The Manley Report and Professor Coombs’ study provide a very good high-level diagnosis of the problems that hindered the effectiveness of the KPRT, and the same problems wold inevitably dog any new Whole of Government response to international conflict today. Concrete action to correct this needs to be taken very soon. A focused effort to document the lessons from that mission and begin building the structural foundations needed for effective interdepartmental collaboration in these complex conditions must begin now before the remaining first-hand experience fades completely from the institutions concerned.
Given that the priorities for the bureaucracy are set by Cabinet, any direction to undertake a program to operationalize the Whole of Government approach to international missions must come from political leaders, and it is fair to ask why they should take any interest in this issue, particularly in an election year. It is, after all, not something that will resonate with many electors.
Leaving aside the obvious response that it is the “right thing to do,” the answer is twofold. First, fixing the problem would be a gift to yourselves in the future. It would provide future governments (of any stripe) with more effective machinery for planning, executing and managing both international missions and many domestic Whole of Government initiatives. Second, it is a low-cost action in terms of both money and political effort. It mostly involves providing direction to central agencies and monitoring progress, and is unlikely to be contentious within Parliament or among the public. This may not be an issue to campaign on, but it is an issue that should be placed on the to-do list for whatever government takes office later this year.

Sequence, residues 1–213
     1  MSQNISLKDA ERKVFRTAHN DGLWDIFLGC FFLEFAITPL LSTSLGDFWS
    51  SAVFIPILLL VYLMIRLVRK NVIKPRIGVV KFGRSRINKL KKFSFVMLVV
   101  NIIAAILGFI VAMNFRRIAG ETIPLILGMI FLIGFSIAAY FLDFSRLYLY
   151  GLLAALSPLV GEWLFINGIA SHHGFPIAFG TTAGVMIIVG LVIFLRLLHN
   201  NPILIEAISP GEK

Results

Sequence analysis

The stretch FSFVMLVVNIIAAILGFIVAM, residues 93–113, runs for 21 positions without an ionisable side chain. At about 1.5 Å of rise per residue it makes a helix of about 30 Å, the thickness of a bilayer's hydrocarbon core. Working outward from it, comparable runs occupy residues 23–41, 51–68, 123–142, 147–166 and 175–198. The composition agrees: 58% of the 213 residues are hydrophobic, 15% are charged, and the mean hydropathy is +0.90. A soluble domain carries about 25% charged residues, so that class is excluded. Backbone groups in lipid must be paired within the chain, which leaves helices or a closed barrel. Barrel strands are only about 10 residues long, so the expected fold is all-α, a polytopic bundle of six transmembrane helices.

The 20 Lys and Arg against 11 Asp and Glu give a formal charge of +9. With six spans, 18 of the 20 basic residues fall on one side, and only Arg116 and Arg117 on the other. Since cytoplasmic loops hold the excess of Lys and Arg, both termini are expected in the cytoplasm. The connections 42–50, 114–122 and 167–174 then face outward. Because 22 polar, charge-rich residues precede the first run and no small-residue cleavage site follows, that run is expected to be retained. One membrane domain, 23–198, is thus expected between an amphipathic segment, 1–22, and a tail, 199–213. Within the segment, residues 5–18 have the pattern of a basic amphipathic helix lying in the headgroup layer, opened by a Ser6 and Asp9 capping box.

Colonel Charles Davies (Retired) is a CDA Institute Research Fellow. During his career in National Defence, he was personally involved in several interdepartmental initiatives aimed at resolving systemic impediments to the conduct of the Afghanistan mission, including the operations of the KPRT. While these yielded some benefits, none succeeded in providing the effective strategic solutions required.